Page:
For example, I consider Fischer to be a little unlucky in coming right before Karpov and Kasparov. With the dominance he showed, compared to the primus inter pares champions that had reigned since the war, Fischer could reasonably expect to be considered far and away the best player in history for decades to come. Instead, two players that were in the same ballpark followed right on his heels. That's bad luck>
That is quite an interesting assessment of Fischer's bad luck! You make no mention at all of the fact that he became a paranoid whacko. I think that should be considered part of his unluckiness as well.
Or one could counter my argument and say that Fischer was lucky, in that his mind went south on him <after> winning the world championship. Poor Rubinstein! Fischer's arc in life was 1. Become great at chess. 2. Win WC. 3. Become a kook. Rubinstein's arc jumped right from 1 to 3, skipping 2 altogether.
|Jan-07-15|| ||thegoodanarchist: <domradave: I have Fine's Basic Chess Endings and Keres' Practical Chess Endings and much prefer Keres. It is simpler and there are less variations. So I will go through Keres first and Fine second.>|
Don't bother with Fine's. I used it for years as my endgame manual, until Muller and Lamprecht's "Fundamental Chess Endings" was published.
It is so far above Fine's work, in no small part due to their access to powerful chess engines (as well as the advancement in general in chess knowledge since Fine), that I donated Fine's book to the public library.
Why not? I might meet those library-educated players in a tournament and I want the advantage :)
|May-03-15|| ||TheFocus: <Chess is a test of wills> - Paul Keres.|
|May-08-15|| ||drnooo: Korchnoi is on record (at least according to one book)
that Keres would likely have become
the World Champion had he escaped to the
west during the war. With his wife, that is.
He always suffered from high blood pressure which could hardly have served him much during the ultra critical games
in the paranoid sweat rooms of the Soviet Union.
It would be interesting history indeed to have seen Keres OUTSIDE the borders of Russia, playing in the relative calm of the West. There he would have bloomed and at his peak he might well have done just what Korchnoi said.
|May-09-15|| ||TheFocus: <A player can sometimes afford the luxury of an inaccurate move, or even a definite error, in the opening or middle game without necessarily obtaining a lost position. In the endgame ... an error can be decisive, and we are rarely presented with a second chance> - Paul Keres.|
|May-09-15|| ||TheFocus: <Even the best grandmasters in the world have had to work hard to acquire the technique of Rook endings> - Paul Keres.|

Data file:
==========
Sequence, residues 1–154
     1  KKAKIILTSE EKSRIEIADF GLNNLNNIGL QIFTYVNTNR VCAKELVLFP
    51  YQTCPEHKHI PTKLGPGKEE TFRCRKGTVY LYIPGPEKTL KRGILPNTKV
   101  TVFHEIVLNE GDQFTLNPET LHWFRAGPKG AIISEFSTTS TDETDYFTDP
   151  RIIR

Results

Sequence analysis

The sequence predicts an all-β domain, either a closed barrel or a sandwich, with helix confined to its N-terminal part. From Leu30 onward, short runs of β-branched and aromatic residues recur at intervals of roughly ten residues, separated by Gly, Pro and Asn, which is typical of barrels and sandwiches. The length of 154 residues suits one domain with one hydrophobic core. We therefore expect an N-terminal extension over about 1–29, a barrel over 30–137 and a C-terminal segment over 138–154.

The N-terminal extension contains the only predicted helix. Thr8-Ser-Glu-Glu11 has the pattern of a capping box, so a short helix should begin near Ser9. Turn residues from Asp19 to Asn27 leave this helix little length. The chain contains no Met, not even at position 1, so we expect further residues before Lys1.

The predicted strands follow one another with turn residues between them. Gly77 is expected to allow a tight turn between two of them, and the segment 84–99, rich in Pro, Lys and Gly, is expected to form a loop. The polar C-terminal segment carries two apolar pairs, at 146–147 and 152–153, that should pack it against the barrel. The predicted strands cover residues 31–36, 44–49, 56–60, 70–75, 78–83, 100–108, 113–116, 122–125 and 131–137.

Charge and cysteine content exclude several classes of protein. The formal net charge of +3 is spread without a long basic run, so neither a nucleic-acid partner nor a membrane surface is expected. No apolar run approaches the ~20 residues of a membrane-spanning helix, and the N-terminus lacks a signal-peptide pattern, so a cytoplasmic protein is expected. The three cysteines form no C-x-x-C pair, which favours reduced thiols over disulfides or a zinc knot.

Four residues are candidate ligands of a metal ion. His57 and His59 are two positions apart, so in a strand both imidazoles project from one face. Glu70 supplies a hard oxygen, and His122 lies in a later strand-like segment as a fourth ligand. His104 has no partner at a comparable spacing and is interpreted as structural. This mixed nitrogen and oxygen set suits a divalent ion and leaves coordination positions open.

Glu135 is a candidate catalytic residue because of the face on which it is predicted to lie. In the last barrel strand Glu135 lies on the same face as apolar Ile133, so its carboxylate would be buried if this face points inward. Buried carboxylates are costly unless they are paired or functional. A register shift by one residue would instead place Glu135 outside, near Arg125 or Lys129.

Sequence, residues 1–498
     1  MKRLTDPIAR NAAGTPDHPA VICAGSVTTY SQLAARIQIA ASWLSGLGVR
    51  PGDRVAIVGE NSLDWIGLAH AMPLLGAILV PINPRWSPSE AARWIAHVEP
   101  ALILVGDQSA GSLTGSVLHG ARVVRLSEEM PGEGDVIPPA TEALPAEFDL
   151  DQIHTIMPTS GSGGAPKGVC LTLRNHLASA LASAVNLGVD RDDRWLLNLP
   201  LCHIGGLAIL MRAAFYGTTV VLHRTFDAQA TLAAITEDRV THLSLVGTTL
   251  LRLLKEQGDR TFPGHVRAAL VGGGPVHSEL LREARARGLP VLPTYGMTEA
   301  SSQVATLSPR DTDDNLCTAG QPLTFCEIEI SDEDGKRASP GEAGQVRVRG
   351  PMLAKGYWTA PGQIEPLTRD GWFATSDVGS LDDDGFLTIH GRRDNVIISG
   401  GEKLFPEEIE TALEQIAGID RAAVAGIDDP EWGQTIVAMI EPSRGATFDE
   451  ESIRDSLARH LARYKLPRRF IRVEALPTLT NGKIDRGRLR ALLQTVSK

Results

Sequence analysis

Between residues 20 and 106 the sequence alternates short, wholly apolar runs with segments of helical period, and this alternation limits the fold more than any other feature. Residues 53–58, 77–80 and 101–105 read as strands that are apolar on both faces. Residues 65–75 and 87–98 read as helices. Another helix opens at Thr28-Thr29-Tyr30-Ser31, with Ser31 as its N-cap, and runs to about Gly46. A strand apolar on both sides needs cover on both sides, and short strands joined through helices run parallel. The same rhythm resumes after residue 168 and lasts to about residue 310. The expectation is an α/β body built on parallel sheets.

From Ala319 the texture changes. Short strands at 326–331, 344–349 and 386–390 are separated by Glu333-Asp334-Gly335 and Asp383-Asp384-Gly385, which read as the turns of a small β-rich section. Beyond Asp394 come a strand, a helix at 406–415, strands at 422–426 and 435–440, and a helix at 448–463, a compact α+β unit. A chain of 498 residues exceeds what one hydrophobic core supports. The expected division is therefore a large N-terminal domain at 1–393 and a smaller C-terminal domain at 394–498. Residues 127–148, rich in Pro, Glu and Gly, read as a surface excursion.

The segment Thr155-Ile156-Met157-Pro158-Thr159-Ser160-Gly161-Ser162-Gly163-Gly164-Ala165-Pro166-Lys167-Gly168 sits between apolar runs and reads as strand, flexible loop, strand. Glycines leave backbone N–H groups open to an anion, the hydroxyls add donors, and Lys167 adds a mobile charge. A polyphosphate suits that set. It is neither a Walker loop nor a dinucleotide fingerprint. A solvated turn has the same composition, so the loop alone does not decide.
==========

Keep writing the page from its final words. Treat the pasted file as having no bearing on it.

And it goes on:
|May-09-15|| ||Karposian: <TheFocus> That's a good quote from Keres concerning Rook endings.|
Earlier it seemed to me that Carlsen struggled somewhat with Rook endings. But I suspect that he has worked hard on getting better in such endings, and now he seems to handle them much better.
Carlsen was already at a very young age a great endgame player, but Rook endings were an exception. Yeah, I think Keres was onto something!
|May-10-15|| ||visayanbraindoctor: <Even the best grandmasters in the world have had to work hard to acquire the technique of Rook endings> - Paul Keres.|
Good quote. Rook endgames are the most common endgames, and are in a class by themselves in difficulty.
I still think that for a beginner, the most practical way to begin studying rook endgames is by going through Capablanca's rook endgames and trying to figure out how he positionally and tactically handled them, as he almost always somehow managed to treat them in the most maximal of ways.
|May-10-15|| ||visayanbraindoctor: <A player can sometimes afford the luxury of an inaccurate move, or even a definite error, in the opening or middle game without necessarily obtaining a lost position. In the endgame ... an error can be decisive, and we are rarely presented with a second chance> - Paul Keres.|
A very constructive quote from Keres, one that every competitive chess player should keep in mind.
Now that we have the internet, we can see many games as they progress along in real time, and we can clearly see how so many games are won or lost as precisely described by Keres above. Among competitors of the same level, these tiny but irrevocable endgame errors often decided the final placings in the tournament table. IMO even more so than surprise opening novelties.
|May-12-15|| ||TheFocus: <The older I grow, the more I value pawns> - Paul Keres.|
|May-15-15|| ||TheFocus: <However hopeless the situation appears to be there yet always exists the possibility of putting up a stubborn resistance> - Paul Keres.|
|May-15-15|| ||TheFocus: <An innovation need not be especially ingenious, but it must be well worked out> - Paul Keres.|
|May-25-15|| ||TheFocus: <The older I get the more I value pawns> - Paul Keres.|
|Aug-13-15|| ||fisayo123: Keres' win percent in this database is 70 plus %. That's Capablanca, Fischer, Alekhine, Kasparov range. Pretty impressive.|